Attached Files:

    • My1.zip
      File size:
      76.8 KB
  6. Dec 14, 2015 #5
    Thank you for the replies!

    I guess I was not specific enough - that's probably due to my English, I'm not used to speak about such topics. The three samples I've posted are only three random examples that are part of the mixed whole. Now I am uploading all 399 samples that got mixed to one file, so you can recreate this effect. The amplitudes are so low to avoid sox complaining about clipping. Frequencies are 80 - 1274hz (roughly 3hz interval). It really seems like beats, I've never heard about them though (I knew "beat" as in rhythm, a term used in music). I need to spend some time figuring this out :).

    Here are the files (too big to uplad directly):

  7. Dec 15, 2015 #6


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    Well, after a lot of investigation adding lots of sine waves together, I'm afraid I have to eat my words - it IS beats! I didn't think you could get such widely spaced and very large pulses, but you can. I have tried mixing sets of signals both in Audacity and numerically in Excel (sorry, I've no Matlab or other more suitable software handy at the moment) and found similar results with only a few closely spaced waves mixing. And deliberately adding rounding errors makes little difference to the pattern of the graphs, just makes them a bit ragged.

    Because all the waves start at the same time, they are all in phase at 0 time and all add to produce a large wave. Quickly they move out of phase, no longer add so constructively, start to add destructively and stay that way for many cycles. But of course at the end of 1 sec they have all completed a whole number of cycles and are back in phase again. That explains the peak at the start and end of the second.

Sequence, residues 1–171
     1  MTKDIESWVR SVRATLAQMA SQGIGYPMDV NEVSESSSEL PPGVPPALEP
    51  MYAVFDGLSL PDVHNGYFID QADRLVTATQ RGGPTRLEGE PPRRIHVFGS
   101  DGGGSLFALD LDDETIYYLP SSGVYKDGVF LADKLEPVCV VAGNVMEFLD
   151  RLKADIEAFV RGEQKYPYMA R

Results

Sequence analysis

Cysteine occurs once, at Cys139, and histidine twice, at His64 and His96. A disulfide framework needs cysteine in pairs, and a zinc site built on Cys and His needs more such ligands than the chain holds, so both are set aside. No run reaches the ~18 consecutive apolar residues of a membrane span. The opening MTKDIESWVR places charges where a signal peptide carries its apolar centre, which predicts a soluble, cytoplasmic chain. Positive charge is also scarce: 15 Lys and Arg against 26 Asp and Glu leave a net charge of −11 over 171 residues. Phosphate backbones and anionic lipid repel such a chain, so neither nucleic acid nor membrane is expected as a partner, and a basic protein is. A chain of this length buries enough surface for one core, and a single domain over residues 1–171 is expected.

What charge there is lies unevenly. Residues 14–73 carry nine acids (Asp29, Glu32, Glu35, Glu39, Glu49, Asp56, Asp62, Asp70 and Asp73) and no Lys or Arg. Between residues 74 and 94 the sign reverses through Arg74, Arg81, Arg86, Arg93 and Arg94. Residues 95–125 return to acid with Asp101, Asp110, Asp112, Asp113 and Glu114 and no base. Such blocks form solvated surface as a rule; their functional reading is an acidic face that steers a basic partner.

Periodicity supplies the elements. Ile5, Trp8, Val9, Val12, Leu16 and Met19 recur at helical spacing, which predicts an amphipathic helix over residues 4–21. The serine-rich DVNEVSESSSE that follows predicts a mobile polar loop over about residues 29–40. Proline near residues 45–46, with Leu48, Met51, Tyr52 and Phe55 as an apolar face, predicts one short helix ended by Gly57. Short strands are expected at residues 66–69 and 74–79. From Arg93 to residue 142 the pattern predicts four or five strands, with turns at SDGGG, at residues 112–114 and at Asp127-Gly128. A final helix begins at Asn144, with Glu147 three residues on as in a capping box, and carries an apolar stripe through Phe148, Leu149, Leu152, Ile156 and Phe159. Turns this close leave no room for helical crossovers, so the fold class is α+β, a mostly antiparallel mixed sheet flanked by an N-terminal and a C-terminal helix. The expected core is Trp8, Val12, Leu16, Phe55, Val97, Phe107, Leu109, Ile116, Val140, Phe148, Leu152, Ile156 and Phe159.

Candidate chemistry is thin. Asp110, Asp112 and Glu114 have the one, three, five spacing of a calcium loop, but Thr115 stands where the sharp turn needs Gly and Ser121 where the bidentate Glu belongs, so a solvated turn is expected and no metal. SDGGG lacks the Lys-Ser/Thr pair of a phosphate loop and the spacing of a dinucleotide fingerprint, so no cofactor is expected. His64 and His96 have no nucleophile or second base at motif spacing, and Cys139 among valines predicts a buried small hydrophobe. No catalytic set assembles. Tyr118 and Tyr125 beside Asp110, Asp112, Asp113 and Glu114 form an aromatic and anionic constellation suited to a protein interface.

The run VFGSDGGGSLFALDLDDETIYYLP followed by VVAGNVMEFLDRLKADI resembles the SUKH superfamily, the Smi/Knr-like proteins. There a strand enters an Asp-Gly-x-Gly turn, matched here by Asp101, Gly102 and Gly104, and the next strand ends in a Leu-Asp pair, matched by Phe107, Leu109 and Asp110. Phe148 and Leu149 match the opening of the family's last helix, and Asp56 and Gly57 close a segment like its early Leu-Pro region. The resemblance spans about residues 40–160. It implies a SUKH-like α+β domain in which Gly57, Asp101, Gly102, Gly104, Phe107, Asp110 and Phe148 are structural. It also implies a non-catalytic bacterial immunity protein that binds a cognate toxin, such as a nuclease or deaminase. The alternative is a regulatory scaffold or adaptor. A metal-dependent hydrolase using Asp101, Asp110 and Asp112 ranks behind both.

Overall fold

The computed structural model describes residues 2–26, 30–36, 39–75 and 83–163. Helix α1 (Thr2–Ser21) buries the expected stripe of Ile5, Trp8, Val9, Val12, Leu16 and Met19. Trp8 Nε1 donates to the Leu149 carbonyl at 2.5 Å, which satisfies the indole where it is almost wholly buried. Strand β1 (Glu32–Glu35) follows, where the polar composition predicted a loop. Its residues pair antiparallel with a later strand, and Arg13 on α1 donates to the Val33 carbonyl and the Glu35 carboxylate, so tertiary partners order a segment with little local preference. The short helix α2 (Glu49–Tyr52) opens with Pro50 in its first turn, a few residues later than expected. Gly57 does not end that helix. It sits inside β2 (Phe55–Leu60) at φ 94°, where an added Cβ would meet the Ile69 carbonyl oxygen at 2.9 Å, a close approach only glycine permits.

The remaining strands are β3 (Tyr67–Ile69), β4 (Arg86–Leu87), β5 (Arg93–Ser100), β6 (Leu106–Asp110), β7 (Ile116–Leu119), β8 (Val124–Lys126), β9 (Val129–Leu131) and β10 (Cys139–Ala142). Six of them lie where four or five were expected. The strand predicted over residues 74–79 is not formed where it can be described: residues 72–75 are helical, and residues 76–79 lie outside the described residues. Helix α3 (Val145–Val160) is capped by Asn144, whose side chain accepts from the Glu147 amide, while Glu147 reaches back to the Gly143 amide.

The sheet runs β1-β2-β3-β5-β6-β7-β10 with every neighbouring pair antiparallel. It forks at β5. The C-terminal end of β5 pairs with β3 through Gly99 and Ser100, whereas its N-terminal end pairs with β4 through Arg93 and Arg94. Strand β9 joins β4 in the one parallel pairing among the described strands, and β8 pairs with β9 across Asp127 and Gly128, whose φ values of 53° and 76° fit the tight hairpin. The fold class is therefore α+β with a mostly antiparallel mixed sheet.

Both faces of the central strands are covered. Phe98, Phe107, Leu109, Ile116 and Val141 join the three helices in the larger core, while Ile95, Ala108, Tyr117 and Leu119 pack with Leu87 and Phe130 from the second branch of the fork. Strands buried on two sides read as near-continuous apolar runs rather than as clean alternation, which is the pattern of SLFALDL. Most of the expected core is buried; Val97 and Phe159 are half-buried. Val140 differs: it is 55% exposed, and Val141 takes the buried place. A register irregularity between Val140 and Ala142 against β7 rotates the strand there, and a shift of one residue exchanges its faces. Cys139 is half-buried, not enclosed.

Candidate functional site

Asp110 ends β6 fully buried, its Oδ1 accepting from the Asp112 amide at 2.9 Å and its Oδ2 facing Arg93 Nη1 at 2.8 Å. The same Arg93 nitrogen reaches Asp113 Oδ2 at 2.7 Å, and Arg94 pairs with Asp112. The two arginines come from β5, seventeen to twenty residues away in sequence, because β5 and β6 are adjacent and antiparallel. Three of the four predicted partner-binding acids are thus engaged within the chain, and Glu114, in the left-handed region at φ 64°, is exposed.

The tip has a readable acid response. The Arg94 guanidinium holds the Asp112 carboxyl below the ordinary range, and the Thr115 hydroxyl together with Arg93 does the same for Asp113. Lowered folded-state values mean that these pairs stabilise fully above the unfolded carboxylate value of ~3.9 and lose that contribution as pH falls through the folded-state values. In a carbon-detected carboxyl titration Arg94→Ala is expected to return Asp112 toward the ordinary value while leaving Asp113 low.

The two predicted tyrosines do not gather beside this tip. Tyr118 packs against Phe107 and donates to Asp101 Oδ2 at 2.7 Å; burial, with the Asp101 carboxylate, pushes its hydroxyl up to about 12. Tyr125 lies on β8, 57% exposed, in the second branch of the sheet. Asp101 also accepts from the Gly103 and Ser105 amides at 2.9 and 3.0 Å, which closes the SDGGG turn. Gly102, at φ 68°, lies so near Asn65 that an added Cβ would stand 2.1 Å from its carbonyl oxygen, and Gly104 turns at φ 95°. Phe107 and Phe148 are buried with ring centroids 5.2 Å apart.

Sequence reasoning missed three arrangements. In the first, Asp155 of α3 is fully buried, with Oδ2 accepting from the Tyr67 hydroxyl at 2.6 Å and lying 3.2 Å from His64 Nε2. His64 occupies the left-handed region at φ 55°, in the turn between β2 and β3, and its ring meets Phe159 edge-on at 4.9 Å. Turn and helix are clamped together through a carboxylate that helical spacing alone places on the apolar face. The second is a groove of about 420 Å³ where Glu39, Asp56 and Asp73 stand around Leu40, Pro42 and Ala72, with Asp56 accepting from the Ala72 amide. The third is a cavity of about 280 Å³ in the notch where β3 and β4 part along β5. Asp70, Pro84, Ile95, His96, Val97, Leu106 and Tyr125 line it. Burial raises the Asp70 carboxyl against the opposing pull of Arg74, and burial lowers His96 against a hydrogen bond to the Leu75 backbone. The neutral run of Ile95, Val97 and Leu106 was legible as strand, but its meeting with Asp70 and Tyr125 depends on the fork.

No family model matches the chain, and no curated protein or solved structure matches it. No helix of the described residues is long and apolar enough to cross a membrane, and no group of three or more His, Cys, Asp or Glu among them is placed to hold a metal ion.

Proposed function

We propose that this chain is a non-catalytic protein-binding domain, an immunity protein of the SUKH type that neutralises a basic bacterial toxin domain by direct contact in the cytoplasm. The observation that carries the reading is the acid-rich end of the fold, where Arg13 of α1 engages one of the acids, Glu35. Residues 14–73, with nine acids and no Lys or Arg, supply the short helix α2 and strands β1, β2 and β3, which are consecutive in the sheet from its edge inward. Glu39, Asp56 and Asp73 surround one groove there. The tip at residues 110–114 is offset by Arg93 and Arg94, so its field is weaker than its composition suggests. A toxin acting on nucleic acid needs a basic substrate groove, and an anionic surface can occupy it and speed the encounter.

I was a bit surprised by the two peaks in between at 1/3 and 2/3 seconds. I thought there might be a smaller peak at 1/2, smaller yet at the thirds and so on. I think the big peaks at the thirds must be related to the 3Hz steps, but so far mathematical analysis has defeated me (but I am old and very out of practice with maths.) So I'm just cheating and doing lots of numerical experiments. If anyone is interested, I'll post some results later.

    Attached Files:

  8. Jan 12, 2016 #7


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    Thanks for the like.
    I've dug out the other work I did. It's in the form of a .docx. Let me know if that's not good for you and I'll convert it to some other document format.
    I've put a brief commentary with it, but very brief! (I did not know if anyone would be interested.)
    NB. beats between two frequencies are actually produced by an average frequency, modulated at half the difference frequency. So 80Hz and 84Hz produces 82Hz modulated at 2Hz. BUT we hear this as 82Hz pulsing at twice this rate, 4Hz, because each cycle of modulation contains a positive and a negative 'bump'. In the document I refer to the pulse rate as the beat frequency, except for the very first example where I make a comment about this. So I talk as if 80Hz and 84Hz produce a 4Hz beat. (Don't worry about this, as it will make sense to most people, as written! I only comment on it to prepare for the uptight PF physicists taking me to task!)

    (I can only get the first part to upload, so far. Perhaps the files are too big. I'll send the second part in another post if you want to see it.)

    Attached Files: